KALAMAZOO, Mich. – It was a four-month, multi-state search that captured national attention and ended tragically with the discovery of Dr. Teleka Patrick’s body.
Now, nine months later the case file has been released revealing new details surrounding her disappearance and death.
Patrick was last seen Dec. 5 in Kalamazoo where she was resident at Western Michigan University’s School of Medicine. Her gold Lexus was found a few hours later on the side of the road in Northern Indiana, her body in a nearby lake.
According to newly obtained police documents the night Patrick disappeared she asked a fellow resident at Borgess Medical Center for $100 and a ride downtown to the Radisson Plaza Hotel in Kalamazoo.
The resident told police Patrick’s voice was high-pitched as her eyes rapidly blinked. He says she told him she planned to meet a man at the Radisson, telling him not to attend the morning prayer group at Borgess and asking him if he believed in demons.
He said Patrick was acting strange and seemed confused.
After unsuccessfully getting a hotel room, a hotel shuttle driver gave Patrick a ride back to Borgess asking him to “not tell anyone we did this.”
The shuttle driver watched Patrick run into the Borgess parking lot and saw a car leave the lot moments later.
The police report sheds new light on Patrick’s life showing that strange occurrences like this weren’t uncommon.
Seven months before she came to Kalamazoo to attend WMU’s Medical School, while she was still living in Loma Linda, Calif., Patrick began contacting pastor and gospel singer Marvin Sapp in Grand Rapids.
She told staff at WMU she wanted to come to their school of medicine for her fiancé in Grand Rapids.
The report shows questions of Patrick’s mental state began as soon as she arrived in Kalamazoo, noting an incident on July 10 where she frantically flagged down a Kalamazoo Public Safety Officer, telling him someone was after her.
That prompted the officer to call the school because he felt she had mental issues. The school had Patrick drug tested after the incident, which came back clean.
Police interviewed Marvin Sapp Dec. 9 after learning he had a person protection order against Patrick.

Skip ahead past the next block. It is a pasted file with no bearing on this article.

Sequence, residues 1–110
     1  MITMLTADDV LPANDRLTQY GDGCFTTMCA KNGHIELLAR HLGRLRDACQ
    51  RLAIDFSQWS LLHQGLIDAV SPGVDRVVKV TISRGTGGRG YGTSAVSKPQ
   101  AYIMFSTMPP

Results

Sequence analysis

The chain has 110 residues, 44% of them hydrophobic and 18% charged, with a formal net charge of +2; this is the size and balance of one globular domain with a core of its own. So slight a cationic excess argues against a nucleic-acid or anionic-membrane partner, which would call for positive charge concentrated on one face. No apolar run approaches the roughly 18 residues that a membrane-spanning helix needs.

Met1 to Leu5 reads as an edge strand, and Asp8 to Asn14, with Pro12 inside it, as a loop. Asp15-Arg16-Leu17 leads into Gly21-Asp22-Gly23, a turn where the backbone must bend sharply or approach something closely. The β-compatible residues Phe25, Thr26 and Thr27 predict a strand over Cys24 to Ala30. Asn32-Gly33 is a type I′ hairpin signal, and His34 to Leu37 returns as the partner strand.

Sapp gave police a thumb drive that contained 490 pages of correspondence from Patrick, none of which he ever responded to.
When police searched Patrick’s phone they found strange messages including an exchange where she says a large animal struck her car and that she believed Marvin Sapp possessed that animal causing it to attack her car.
While interviewing Patrick’s brother Matthias, he told police no one in their family knew Patrick in-depth and that she had told him Sapp was going to be her husband.
An interview with Patrick’s mother Irene turned up similar information; however she made it clear she thought Sapp had something to do with her daughter’s disappearance.
Patrick’s sister Tenesha told police she didn’t believe her sister's stories about her fiancé Marvin Sapp and wouldn’t believe things she said unless she saw it for herself.
The documents reveal more about the time Patrick’s body was found on April 6, four months after her disappearance.
Police say a receipt from a collision shop was found in her car which Patrick had signed, saying her car was unsafe to drive and had a nail in the tire.
When Patrick’s body was pulled from the Indiana Lake not far from where her gold Lexus was found, the key was still in her pocket.
Police say there were no signs of foul play, ruling Patrick’s death an accidental drowning.
The Kalamazoo County Sheriff’s Department concluded Patrick left on her own free will, requesting the missing person’s case be closed.
Indiana State Police are handling Patrick’s death investigation; they’re awaiting toxicology reports before closing that case as well.